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Exclusive Evil – We Can’t Help You
Please stop sending fluid.
Consider this a double teaser. On Sunday, I go for broke in a collab withand I roll the dice here as well. This is also the first of the two promised riffs on my family. The second hits Tuesday, just in time for Father’s Day.
Content warning for gallows humor. If it speaks to you, share it. If it doesn’t, ask a friend to translate.
Thank you for reaching out. At the Tepes Center, we offer elite screening at semi-fair costs. From cancer to hypertension, technology replaces fear with clarity. Enabling early detection, thoughtful prevention, and brighter lives.
We can’t help you.
Honestly, I understand the attempt. Your father was a severe, perhaps landmark case. Measuring your risk would be worthwhile. It’s also beyond modern medicine’s grasp. The Tepes Center makes objective observations of quantifiable conditions. Despite recent progress, this topic remains the purview of law enforcement and social science.
In short, we don’t offer genetic testing for domestic violence. Physical, emotional, or the hybrid you described. While famously prevalent within family lines, we lack specific proven markers. The gap between folk wisdom—sustained behavior across generations—and the lab hasn’t been bridged. My apologies.
Don’t send more blood. You’ve sent enough blood.
Unlike the blood, I applaud your effort to provide ample background information. At length. I’m also sorry to hear about Disneyland, and may never see Fantasmic! the same way again. My assistant, who recieved your original inquiry/blood, agrees. If you get a sentimental email, don’t think less of his professionalism. He’s something of a “Disney Adult,” and you described his hell.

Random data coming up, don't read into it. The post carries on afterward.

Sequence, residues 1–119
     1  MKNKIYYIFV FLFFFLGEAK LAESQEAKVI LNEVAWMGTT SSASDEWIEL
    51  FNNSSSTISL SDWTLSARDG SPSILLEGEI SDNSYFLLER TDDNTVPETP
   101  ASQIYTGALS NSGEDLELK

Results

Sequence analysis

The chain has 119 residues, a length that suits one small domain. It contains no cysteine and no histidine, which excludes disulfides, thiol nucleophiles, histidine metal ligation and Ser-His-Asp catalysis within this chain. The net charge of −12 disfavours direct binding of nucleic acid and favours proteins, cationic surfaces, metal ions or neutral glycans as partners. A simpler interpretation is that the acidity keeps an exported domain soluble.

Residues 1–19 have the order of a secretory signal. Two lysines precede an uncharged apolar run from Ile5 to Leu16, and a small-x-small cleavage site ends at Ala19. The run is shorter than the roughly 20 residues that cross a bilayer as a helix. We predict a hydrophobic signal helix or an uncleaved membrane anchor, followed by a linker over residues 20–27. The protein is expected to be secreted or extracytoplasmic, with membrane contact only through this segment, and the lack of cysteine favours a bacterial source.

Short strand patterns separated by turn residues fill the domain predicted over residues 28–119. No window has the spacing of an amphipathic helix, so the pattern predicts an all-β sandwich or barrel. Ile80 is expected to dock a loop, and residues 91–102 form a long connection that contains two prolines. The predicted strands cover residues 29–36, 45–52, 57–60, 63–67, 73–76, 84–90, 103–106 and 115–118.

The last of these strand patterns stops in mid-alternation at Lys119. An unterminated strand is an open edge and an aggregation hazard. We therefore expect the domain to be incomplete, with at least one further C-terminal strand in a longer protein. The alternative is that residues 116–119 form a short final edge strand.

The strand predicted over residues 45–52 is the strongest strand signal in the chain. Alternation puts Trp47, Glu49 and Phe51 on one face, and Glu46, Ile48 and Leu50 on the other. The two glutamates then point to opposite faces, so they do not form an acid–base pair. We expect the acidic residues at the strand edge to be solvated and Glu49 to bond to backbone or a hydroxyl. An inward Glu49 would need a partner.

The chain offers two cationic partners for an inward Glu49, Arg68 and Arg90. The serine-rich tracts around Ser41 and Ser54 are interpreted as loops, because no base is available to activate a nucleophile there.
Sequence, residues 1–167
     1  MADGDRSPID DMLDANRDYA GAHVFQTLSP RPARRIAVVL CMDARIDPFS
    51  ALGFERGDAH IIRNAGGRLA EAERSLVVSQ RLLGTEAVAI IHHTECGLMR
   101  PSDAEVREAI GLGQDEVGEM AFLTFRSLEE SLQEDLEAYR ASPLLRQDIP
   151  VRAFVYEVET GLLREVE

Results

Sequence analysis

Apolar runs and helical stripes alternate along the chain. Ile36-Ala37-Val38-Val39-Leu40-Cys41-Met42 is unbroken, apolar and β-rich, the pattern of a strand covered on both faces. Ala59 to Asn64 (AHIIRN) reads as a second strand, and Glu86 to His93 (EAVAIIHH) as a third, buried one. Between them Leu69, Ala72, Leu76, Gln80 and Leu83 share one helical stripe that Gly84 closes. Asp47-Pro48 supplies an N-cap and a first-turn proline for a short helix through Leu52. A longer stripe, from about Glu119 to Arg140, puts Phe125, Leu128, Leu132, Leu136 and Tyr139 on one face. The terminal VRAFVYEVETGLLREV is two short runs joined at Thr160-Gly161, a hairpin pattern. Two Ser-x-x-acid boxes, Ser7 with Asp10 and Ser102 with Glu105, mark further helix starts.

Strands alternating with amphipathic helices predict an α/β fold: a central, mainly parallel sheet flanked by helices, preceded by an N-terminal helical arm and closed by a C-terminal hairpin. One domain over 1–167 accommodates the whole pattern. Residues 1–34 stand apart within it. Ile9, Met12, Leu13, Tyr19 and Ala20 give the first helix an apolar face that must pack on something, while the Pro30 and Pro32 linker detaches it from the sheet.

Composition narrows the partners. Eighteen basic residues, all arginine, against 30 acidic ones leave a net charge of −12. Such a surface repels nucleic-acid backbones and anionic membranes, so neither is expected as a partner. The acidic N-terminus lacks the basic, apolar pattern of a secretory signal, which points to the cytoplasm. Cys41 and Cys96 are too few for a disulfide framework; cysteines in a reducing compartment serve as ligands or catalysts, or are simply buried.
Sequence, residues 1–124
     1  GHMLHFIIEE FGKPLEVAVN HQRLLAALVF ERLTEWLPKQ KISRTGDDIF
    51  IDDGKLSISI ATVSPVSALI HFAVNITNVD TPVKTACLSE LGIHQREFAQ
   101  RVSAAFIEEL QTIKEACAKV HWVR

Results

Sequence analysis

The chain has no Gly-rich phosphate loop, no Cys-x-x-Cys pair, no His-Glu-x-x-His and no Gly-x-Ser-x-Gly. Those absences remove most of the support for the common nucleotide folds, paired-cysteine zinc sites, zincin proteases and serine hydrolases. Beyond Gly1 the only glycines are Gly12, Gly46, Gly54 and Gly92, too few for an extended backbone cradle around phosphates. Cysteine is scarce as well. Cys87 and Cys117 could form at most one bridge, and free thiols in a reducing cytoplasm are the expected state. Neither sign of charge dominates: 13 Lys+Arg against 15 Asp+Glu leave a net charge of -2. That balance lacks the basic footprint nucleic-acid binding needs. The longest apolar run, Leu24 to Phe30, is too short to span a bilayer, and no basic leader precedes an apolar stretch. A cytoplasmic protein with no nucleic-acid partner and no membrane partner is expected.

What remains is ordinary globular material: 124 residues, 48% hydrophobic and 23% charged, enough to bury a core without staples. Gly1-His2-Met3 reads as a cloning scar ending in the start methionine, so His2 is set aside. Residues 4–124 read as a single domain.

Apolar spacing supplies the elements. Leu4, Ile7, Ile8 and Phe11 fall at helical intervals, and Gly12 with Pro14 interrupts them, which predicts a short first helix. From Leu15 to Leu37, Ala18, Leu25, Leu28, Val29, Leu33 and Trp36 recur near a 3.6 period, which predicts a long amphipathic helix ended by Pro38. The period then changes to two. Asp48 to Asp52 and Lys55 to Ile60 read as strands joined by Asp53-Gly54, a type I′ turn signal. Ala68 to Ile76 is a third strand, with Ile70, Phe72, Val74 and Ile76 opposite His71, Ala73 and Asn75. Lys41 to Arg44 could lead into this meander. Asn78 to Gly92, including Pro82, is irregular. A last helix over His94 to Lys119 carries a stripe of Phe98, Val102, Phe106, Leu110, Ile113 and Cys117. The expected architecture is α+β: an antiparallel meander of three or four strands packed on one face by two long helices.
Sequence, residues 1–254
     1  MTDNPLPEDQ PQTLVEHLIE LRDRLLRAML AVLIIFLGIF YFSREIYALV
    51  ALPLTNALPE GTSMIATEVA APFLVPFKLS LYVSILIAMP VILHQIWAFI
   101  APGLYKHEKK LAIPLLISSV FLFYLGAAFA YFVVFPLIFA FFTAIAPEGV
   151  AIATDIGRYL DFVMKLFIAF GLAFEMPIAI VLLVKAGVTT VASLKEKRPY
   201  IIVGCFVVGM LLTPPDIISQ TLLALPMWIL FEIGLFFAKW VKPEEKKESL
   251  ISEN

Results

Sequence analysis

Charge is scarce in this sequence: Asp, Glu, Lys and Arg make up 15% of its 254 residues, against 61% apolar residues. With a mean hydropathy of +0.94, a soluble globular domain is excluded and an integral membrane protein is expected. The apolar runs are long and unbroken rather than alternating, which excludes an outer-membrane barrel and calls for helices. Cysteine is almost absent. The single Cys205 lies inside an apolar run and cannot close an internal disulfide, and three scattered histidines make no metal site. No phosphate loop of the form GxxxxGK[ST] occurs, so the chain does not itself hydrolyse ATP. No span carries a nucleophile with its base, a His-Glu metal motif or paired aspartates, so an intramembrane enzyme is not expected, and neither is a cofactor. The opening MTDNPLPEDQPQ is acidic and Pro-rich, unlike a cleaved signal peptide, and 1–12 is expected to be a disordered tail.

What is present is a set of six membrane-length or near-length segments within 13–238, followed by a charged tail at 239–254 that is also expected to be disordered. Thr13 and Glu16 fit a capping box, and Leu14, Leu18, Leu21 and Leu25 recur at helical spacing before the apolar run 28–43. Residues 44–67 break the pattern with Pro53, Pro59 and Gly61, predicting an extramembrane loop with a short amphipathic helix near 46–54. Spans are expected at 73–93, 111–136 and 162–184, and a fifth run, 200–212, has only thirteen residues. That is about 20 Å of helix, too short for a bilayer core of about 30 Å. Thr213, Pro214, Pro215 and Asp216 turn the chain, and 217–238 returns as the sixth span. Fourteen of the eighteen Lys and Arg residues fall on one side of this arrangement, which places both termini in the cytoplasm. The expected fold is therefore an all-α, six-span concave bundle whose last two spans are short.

It’s equally unfortunate that your brothers are, as you put it, “two for four” in this area. That’s still short of a supermajority of offenders, which should offer some comfort. I wouldn’t end an engagement over it. Unless, of course, another sibling’s been arrested since you sent the blood. Then you might be cursed. Did you draw all this yourself? I hope you used sterile equipment.
Don’t look for a second opinion.
Normally, I’d refer you to a suitable competitor. In this case, none exist. Avoid giving time, money, or blood to anyone offering a solution. Your request isn’t impossible, per se: as research marches on, we’ll learn more and more about the interwoven factors that lead to…Disneyland. At that point, you’ll see inspiring headlines.
Going forward, I may pursue that milestone myself. Predicting abusers could earn the Center an award, or even a Wikipedia page. With, admittedly, risk of a niche Minority Report scenario. I recall you’re involved in science fiction; I’d let this premise go. As a layman, I doubt readers are hungry for a biopunk SVU. In fact, I doubt their capacity for it beyond four hundred words. Maybe five for the edgier online crowd.
Again, I respect your inquiry’s intensity, and the respectable sum you offered. I don’t know where a pulp writer finds that kind of money, but that’s not important. What matters is maintaining perspective, working with the tools available, and not sending anyone else blood. You may find them less open-minded.
For what it’s worth, I tested what I could. No more burgers, your heart’s a landmine waiting for a foot. And keep an eye out for moles. Skin cancer is, despite stereotypes, a universal phenomenon. And you might diversify its image.
Dr. V. Tepes
Director, Tepes Center
As always, thanks for reading. Spread the word if you can. Catch you Sunday.